'150 Agents' Working Clinton Foundation Probe: Ex-U.S. Atty
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'150 Agents' Working Clinton Foundation Probe: Ex-U.S. Atty

By Sarah Westwood

A former U.S. attorney said the FBI's reported investigation of "public corruption" at the Clinton Foundation has actually been going on for months, although it made headlines for the first time Monday.

Joseph DiGenova, who was appointed by President Ronald Reagan, said the FBI's foundation probe "has reached such a proportion of inquiry that it's starting to sneak out," but that it was sparked months ago by information pulled from Hillary Clinton's private server and from the tax filings of corporations that have donated to the charity.

"There are now, I am told, 150 agents working on this case," DiGenova told the Washington Examiner Monday, noting that was "a very unusually high number" of investigators to be working on one case.

Talk of Clinton's legal woes returned in full force Monday withreports that the FBI has expanded its investigation to include the alleged exchange of favors between Clinton Foundation insiders and State Department leadership under Clinton.

The reports came just days after the State Department released a controversial email that suggested Clinton had asked an aide toremove the classification markings from a document and "send it nonsecure."

A spokesman for the Clinton Foundation did not return a request for comment about the new reports.

The Justice Department did not respond to a request for comment on reports that the FBI had expanded its investigation.

But DiGenova said the FBI "is making very substantial progress" in its investigation of the "public corruption" allegations against the Clinton Foundation. He said the bureau is presently preparing subpoenas for the foundation's financial records, among other pieces of evidence.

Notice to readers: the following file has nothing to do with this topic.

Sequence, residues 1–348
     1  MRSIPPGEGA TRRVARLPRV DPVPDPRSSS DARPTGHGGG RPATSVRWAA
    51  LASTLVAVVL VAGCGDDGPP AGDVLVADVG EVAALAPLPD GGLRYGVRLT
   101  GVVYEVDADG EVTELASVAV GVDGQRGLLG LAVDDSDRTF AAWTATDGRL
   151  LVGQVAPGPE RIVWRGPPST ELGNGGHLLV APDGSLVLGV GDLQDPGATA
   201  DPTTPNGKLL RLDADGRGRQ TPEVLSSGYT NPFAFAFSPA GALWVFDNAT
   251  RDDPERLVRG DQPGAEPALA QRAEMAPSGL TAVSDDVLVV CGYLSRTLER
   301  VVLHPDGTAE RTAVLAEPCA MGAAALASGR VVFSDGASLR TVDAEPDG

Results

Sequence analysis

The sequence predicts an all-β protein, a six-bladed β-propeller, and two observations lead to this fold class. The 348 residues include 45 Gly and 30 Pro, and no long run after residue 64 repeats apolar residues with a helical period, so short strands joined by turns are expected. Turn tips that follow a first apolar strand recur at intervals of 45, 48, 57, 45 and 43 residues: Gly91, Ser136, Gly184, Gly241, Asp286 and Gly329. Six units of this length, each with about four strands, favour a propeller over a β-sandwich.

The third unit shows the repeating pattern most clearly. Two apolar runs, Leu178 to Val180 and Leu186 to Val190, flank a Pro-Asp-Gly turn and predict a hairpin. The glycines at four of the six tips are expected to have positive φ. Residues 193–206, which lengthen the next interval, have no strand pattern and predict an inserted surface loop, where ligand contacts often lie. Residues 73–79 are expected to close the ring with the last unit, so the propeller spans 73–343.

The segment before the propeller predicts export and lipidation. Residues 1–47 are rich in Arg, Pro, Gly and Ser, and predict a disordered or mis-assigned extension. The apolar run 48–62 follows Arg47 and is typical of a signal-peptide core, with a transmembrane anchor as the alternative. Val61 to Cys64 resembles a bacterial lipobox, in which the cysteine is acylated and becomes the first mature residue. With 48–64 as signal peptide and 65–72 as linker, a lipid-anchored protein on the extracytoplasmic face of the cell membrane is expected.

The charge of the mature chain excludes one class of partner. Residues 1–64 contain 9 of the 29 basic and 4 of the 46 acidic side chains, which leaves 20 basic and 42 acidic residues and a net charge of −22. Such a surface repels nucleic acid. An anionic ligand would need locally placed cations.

"This was inevitable given the discussions that have appeared over the past few months concerning contributions which were done in tandem with requests for officials acts," DiGenova said.

"This makes the Bob McDonnell case look like a nothing burger," he added. DiGenova was referring to former Republican Gov. Robert McDonnell of Virginia, who was sentenced in Jan. 2015 to two years in prison for public corruption.

Andrew Herman, a government ethics attorney at Miller & Chevalier, also likened the public corruption allegations against Clinton and her family's foundation to the McDonnell case.

"This is like many previous cases if there's something there," he said. "If there was use of the position for private gain for the foundation, then you're looking at a Menendez-type case, or [a case like that of] Bob McDonnell."

Herman was referring to the April 2015 indictment of Sen. Robert Menendez, D-N.J., on corruption charges stemming from allegations that he helped a friend in exchange for kickbacks.

He said agents would need to uncover evidence that Clinton herself helped donors to the charity in order for the Justice Department to bring public corruption charges against her.